DVD Review: ‘The Theory of Everything’ moves viewers with its powerful acting and storytelling

Jessica Brown, Assistant Editor

A work of art that is able to flawlessly demonstrate its purpose and evoke deep, complex emotions is a true masterpiece. That being said, I believe that the 2014 film “The Theory of Everything” can truthfully be described as a masterpiece for its combination of skilled directing, phenomenal portrayals, and powerful story.

Directed by James Marsh, who also directed “The King” and “Shadow Dancer,” “The Theory of Everything” is a biographical drama following the life of Stephen Hawking, a brilliant British scientist who is acknowledged around the world for his intelligence and groundbreaking discoveries in the field of physics despite the fact that a degenerative muscle disease prevents him from speaking or moving.

The film begins with Hawking as young man and shows how his life progresses through adulthood until today. The film does a brilliant job of capturing the scientist’s life, weaving in romance, humor, and drama seamlessly throughout the course of the movie.

The story of Hawking’s life is also truly inspirational. As a young adult, he was diagnosed with amyotrophic lateral sclerosis, motor neuron disorder similar to Lou Gehrig’s disease. Doctors said that his chances of survival were incredibly slim and that he would only have another few years to live. However, while his hardships put considerable strain on his relationships, almost fifty years later the man is still alive and coming up with new groundbreaking scientific theories on a regular basis.

Hawking survived the disease, but was paralyzed, so with help he designed a chair that he could control by using what little motions he could still perform. Just when he started to show signs of improvement, he was struck with pneumonia, and permanently lost his ability to speak. So to conquer this obstacle, a machine was designed that would speak for him when he looked at words on a screen.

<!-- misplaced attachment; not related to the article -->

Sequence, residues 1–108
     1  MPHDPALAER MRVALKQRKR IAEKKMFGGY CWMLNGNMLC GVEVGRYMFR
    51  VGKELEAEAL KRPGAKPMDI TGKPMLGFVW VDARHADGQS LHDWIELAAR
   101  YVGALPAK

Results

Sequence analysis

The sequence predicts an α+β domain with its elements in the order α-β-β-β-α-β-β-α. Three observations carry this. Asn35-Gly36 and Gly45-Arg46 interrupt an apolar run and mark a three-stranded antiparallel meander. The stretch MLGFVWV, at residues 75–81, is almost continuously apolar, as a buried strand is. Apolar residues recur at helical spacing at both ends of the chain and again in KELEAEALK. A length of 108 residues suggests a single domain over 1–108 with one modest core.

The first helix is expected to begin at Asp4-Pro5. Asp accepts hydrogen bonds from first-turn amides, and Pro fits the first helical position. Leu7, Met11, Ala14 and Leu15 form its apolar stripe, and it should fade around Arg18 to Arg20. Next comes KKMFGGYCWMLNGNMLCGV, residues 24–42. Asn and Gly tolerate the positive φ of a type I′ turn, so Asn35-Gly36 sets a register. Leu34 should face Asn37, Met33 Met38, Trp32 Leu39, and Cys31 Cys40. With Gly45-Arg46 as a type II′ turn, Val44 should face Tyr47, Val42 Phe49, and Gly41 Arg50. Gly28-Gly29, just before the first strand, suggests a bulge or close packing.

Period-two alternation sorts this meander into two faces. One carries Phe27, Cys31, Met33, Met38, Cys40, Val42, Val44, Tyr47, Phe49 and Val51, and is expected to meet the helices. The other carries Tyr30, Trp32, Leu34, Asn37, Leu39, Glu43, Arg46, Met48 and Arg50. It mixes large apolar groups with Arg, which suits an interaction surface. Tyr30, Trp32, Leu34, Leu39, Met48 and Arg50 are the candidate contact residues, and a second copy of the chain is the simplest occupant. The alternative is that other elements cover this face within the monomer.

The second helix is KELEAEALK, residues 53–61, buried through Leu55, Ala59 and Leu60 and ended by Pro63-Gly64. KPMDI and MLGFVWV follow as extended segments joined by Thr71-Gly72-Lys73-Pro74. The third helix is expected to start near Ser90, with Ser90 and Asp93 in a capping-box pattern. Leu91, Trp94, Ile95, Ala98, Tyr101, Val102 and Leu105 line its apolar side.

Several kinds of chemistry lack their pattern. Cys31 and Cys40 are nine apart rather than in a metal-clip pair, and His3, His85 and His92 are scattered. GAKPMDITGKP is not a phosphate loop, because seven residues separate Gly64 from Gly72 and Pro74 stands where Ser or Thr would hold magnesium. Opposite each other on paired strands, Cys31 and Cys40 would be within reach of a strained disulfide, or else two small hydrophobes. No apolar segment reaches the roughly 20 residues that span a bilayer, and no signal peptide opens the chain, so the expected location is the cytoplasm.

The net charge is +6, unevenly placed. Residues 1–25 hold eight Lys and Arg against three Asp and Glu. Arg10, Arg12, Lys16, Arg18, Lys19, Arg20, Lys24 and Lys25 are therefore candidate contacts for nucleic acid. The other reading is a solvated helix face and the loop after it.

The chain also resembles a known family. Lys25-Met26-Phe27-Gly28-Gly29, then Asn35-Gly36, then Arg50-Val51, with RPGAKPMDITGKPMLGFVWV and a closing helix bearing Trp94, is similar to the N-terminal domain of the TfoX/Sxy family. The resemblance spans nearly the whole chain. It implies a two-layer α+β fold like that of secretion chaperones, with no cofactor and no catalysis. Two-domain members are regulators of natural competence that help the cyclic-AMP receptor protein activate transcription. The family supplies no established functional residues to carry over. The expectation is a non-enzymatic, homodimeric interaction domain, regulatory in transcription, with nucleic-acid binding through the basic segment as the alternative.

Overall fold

Eddie Redmayne, who plays the iconic scientist, demonstrates the moral of this film by continually showing the loss of hope and the strength to keep pushing forward by expertly portraying complex emotions. His story shows us that even though life will try and knock us down, we can always do something to fight back, and survive.

The best thing about this film without a doubt is the acting. Lead actor Eddie Redmayne won an Oscar for best actor for his portrayal of Hawking in this film, an award that was most definitely deserved. He is able to step into the role of such an iconic man so perfectly that someone watching almost has to remind themselves that they are watching an actor, not the real person. In addition to acting out the entire process of paralysis that Hawking endured, he touches on every single emotion that Hawking no doubt felt.

Lead actress Felicity Jones also gives an amazing portrayal of Jane Hawking, Stephen’s wife. Her support and love for her ailing husband is heartwarming, and the visible strain that she herself endures from the whole ordeal is accurately and emotionally displayed through Jones. and several other of the supporting actors and actresses, including Tom Prior who plays Hawking as a teenager, David Thewlis (Hawking’s Colleague Dennis Sciama), and Harry Lloyd (Hawking’s friend Brian) give great performances as well.

The movie is certainly difficult to watch in some places. When Hawking gets diagnosed with the disease, the emotions that Redmayne expertly displays causes the audience to form a connection with the scientist, and feel the same emotions that he shows throughout the course of the movie. Throughout the film, there are several other moments that can easily cause both tears of joy and sadness.

“The Theory of Everything” is certainly a phenomenal tribute to Stephen Hawking. It is now available on Itunes, Netflix, or DVD. I would definitely recommend this film to someone looking for an entertaining, thoughtful, and emotional movie.

“The Theory of Everything”
Our Grade: A
Length: 123 minutes
Rating: PG-13
Genre: Biography, Drama
Director: James Marsh
Starring: Eddie Redmayne, Felicity Rose Hadley Jones, Tom Prior, David Thewlis